Last February, when my husband and I first started with our new diets – vegetarian for him and vegan for me – I quickly adapted any number of cooking recipes to accommodate our new eating style. Still I was at a loss, at first, as to how to make egg and dairy-free desserts. I researched on the Internet and found that many brave cooks were coming up with vegan recipes. After, studying a few recipe posts, I began experimenting and came up with my own. I decided to concentrate on coffee cake. I’m always looking for a not-too-sweet treat to drink along with my mid afternoon pick-me-up coffee or tea. Coffee cake is my favorite. Luckily, it's really easy to make vegan coffee cake and it really tastes good.
So, for the past six months months, I've been making vegan coffee cake at home. Lately, I started carrying it to the potluck dinners at our meditation group’s weekly meeting – with a lot of success. It has disappeared from the dessert table quickly every time. Several people have asked me about the recipe, so here I've tried to remember just what I do. I had to sit down and think about it since I almost never follow or write any notes. The truth is that I've have made it a bit differently every time.
|Try making a vegan coffee cake.|
So, here it is. By popular demand, I’m writing up my favorite recipe for vegan coffee cake. It’s a classic kind of coffee cake, but with a twist, of course. There are no eggs or milk in this cake. The moist sponginess of this cake – traditionally associated with eggs, happening here without eggs - is due to some tricks, including a teaspoon of apple cider vinegar and 2 heaping tablespoons of cultured coconut (non-dairy) yogurt, and only one minute of stirring in the ingredients. Over beating the batter will definitely flatten a vegan coffee cake.
My first recipe was for in-season fresh blueberries and it turned out fantastic! But since then, I've used raisins and dried blueberries and even pureed pumpkin as additional flavors. Just about any fruit you have on hand or any combination of nuts will combine successfully in this cake. However you make it, it will go great with coffee (or tea) and it’s an excellent choice as a breakfast treat or a snack at any hour - also guaranteed to be a crowd-pleaser at covered dinners. The vegans in your group will love you for it.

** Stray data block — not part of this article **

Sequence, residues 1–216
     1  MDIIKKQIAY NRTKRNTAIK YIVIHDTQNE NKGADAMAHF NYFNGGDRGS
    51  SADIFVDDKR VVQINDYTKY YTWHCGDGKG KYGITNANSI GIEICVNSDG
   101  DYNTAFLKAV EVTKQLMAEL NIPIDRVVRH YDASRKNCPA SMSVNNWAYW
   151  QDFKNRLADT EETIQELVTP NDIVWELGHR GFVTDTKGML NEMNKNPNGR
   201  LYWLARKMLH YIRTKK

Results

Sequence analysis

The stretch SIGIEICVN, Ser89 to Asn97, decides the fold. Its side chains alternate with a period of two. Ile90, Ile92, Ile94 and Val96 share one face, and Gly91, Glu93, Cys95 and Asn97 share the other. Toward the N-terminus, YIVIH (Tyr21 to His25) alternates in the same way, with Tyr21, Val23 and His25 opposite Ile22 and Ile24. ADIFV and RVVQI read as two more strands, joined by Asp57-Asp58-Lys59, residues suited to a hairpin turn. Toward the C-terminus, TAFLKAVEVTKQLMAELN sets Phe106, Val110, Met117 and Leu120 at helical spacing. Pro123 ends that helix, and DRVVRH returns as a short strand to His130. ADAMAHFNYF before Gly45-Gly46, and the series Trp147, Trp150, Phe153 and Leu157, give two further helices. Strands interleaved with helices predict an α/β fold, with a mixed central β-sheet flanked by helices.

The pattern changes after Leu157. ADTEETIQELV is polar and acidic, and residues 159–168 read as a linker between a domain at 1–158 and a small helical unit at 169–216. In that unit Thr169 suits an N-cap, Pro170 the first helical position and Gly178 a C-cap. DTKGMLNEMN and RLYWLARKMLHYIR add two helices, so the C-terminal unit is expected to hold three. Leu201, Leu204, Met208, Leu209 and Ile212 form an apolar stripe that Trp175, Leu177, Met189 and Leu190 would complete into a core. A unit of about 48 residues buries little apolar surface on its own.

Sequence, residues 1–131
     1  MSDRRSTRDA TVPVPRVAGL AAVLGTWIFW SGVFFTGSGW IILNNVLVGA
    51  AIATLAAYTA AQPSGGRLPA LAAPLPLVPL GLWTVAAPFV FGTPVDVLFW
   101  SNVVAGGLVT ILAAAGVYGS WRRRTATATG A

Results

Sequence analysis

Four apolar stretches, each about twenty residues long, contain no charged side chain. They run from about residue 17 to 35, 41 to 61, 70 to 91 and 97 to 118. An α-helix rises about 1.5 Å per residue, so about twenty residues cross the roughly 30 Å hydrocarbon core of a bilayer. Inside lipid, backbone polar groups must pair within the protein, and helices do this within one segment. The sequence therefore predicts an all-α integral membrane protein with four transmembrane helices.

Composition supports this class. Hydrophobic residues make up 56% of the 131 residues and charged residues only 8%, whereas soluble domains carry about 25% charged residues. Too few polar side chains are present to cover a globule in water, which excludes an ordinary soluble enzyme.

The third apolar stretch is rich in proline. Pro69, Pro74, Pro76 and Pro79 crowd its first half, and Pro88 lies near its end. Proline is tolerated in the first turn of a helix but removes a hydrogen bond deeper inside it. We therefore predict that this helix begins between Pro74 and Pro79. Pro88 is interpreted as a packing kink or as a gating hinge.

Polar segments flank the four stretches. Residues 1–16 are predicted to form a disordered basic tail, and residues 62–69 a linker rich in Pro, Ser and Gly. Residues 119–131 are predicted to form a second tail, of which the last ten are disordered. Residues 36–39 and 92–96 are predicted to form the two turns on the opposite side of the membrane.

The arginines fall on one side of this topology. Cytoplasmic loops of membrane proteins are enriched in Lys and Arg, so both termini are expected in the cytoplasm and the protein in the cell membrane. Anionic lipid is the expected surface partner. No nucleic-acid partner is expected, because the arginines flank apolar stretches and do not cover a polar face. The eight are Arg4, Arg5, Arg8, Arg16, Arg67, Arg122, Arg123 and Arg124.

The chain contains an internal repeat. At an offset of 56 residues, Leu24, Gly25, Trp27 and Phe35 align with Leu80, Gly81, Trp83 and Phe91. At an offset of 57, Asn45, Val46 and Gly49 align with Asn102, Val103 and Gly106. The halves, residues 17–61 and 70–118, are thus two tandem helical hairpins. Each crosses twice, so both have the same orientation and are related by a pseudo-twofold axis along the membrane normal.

For health sake, organic ingredients, while not required, are highly recommended.
1 cup unbleached all-purpose flour
1 cup whole-wheat flour
1 1/2 teaspoons baking soda (choose the non-aluminum kind)
pinch of salt
1/2 cup sugar
1/3 cup vegetable oil (I use sunflower seed oil)
2 small, ripe bananas or 1 large one, mashed (Canned pumpkin and applesauce are good alternates.)
¼ cup dried blueberries or raisins
1/4 cup coconut milk (or coconut water)
1 teaspoon of apple cider vinegar
2 tablespoons of cultured coconut non-dairy yogurt, optional
1/4 teaspoon of turmeric
2 teaspoons of cinnamon
juice of half a lime
½ cup of pecan pieces (or walnuts or cashews, etc.)
Preheat your oven to 350 F degrees and grease an 8” X 8” baking pan (glass or stainless steel is better).
Stir together the flour, soda, and spices, and other dry ingredients. Whisk in the oil, lemon juice, coconut milk, and vinegar in the same bowl. Don't beat it like you would cake batter. When well mixed, fold in the dry fruit and nuts.
Bake on the center rack, until the middle is firm and the top is golden—about 20 minutes.
For topping, I simply drizzle vegan margarine on top of the hot baked cake and sprinkle cinnamon and sugar on top.
Cool on a wire rack for at least 15 minutes before trying to cut this cake. It’s best to let it cool completely. Otherwise, the cake crumbles and the slices tend to be uneven.